Sunday, September 23, 2012

Practicing Simplicity in Our Humble Abode.

Some fish grow to the size of their tank. In a goldfish bowl, they remain petite; in an aquarium, their length stretches to take up more ripples of the vacant water.

I've noticed that humans are similar. In close quarters, we limit our possessions, ration space. We utilize organization and practice simplicity. In larger spaces, we fill corners with custom furniture, pack closets with old items that we replace with new ones, litter spacious shelves with trinkets we can't remember buying.

Philosopher/author Kahlil Gibran asks in "The Prophet" (I highly recommend), "What have you in these houses? What is it that you guard with fastened doors?"

"Have you, that leads the heart from things of wood and stone, to the holy mountain?"

"Or have you only comfort, and the lust for comfort; which enters the house a guest, and then becomes a host, then a master?"

Not only do we humans tend to fill our houses with stuff, but we often OVER-fill them. A statistic from 2005 says one in 11 American households own self-storage space (the industry out-earns Hollywood).

When I got divorced and moved in with Chris, I jettisoned boxes and boxes of stuff I used to think I needed. It took a lot of practiced detachment to part with not only meaningless Home Goods decor, but also mementos and old homework projects that I realized no longer served me. When we were looking for our first apartment, we settled on a 900 square-foot place that had barely had enough space to fit our bare-bones belongings; exactly what we were going for.

We started talking about buying a house. We applied for a loan. We were approved for enough to buy a sizable house in a decent neighborhood. But we reasoned that just because we could, doesn't mean we should. We started looking in a price range at least $60,000 less than our approved amount, which meant fewer square feet. And soon, our house found us.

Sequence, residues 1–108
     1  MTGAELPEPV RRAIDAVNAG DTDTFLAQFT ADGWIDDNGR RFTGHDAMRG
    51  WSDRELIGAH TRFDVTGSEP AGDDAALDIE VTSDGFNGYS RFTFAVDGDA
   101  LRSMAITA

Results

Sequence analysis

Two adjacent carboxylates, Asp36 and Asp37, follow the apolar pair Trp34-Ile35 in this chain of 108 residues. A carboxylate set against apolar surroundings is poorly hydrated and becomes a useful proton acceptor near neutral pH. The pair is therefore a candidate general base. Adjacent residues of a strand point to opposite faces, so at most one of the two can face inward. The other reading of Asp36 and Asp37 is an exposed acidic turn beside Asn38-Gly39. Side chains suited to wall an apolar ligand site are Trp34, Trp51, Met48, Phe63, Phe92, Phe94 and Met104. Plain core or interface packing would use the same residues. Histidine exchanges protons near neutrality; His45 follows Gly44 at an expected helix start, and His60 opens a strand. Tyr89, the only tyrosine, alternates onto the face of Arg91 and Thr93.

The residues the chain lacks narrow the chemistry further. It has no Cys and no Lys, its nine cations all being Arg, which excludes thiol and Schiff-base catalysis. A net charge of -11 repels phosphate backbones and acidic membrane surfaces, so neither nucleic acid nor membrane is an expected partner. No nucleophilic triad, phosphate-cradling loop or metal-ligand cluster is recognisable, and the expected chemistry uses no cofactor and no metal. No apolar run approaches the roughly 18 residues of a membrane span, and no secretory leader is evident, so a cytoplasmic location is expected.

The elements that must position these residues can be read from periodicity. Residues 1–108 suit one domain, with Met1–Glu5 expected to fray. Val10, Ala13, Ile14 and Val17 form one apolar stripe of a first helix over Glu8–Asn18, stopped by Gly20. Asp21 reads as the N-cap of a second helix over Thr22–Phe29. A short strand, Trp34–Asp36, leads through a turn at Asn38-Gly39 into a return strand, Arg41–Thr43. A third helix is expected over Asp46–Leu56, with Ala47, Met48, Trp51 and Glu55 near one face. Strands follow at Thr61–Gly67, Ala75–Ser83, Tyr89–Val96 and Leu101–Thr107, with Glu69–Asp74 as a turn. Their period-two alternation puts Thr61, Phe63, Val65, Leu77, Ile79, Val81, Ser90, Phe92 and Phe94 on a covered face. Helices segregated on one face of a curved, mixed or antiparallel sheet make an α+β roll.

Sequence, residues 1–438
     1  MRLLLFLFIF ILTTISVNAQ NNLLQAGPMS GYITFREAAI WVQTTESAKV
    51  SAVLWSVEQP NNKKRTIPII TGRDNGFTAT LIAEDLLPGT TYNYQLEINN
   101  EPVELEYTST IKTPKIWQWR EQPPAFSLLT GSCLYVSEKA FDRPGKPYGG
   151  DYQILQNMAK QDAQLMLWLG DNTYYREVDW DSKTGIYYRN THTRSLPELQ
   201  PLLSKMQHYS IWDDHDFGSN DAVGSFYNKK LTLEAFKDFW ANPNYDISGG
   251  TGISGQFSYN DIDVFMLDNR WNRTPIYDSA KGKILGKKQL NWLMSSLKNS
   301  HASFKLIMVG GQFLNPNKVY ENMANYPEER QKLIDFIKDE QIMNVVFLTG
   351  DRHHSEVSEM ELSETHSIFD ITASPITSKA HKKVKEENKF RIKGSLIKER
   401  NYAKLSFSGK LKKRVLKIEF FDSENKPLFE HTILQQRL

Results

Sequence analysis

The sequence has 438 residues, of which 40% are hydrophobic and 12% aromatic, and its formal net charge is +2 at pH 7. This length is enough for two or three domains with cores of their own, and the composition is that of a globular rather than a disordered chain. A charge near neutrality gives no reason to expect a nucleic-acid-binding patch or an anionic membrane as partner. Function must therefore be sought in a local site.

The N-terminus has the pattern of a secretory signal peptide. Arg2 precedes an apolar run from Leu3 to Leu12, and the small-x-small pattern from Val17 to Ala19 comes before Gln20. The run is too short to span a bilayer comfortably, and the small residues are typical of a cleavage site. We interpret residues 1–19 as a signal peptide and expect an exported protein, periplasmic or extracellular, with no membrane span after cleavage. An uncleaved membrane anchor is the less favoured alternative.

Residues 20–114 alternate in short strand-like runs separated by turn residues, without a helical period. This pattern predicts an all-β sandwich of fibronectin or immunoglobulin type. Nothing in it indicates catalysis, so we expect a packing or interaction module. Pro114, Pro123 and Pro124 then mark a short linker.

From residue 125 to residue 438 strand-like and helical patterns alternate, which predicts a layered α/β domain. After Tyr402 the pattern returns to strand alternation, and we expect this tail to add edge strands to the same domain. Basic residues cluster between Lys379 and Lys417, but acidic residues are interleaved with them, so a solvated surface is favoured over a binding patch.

Our new home inspires us to live simply.
Again, just enough room for our belongings. There's a space for everything. Like, even though the washer/dryer is technically in the dining room, it fits. We use virtually every square foot. It all has a purpose. Even the empty wall space, we put to use with shelves. And we've been diligent in not buying furniture and decor that we don't really need.

Mr. Jones utilizing the 'dining room' table, which sits near the w/d nook.
For example, we wanted to get a bar for the house, but after seeing prices upwards of $500, we decided to take shelves we already had (that typically hang in the living room), and hang them over our waste-sorting corner for a free, instant booze display.

Every inch of our little bathroom is an opportunity for efficiency.

In our old homes, my new husband and I let whole rooms go to waste. Here, in our cozy house, we find ourselves using even the chaise lounge in our reading nook, and sitting at our dining room table. And the space holds this circuit-like energy that makes every area feel connected to the other.

The reading nook, not so far from the couch. Both areas see frequent use.
We both have grown to appreciate Khalil Gibran's message, that a house can become "a tomb" of possessions, or be a simple space made beautiful by memories, peace and love.

Just some more photos:

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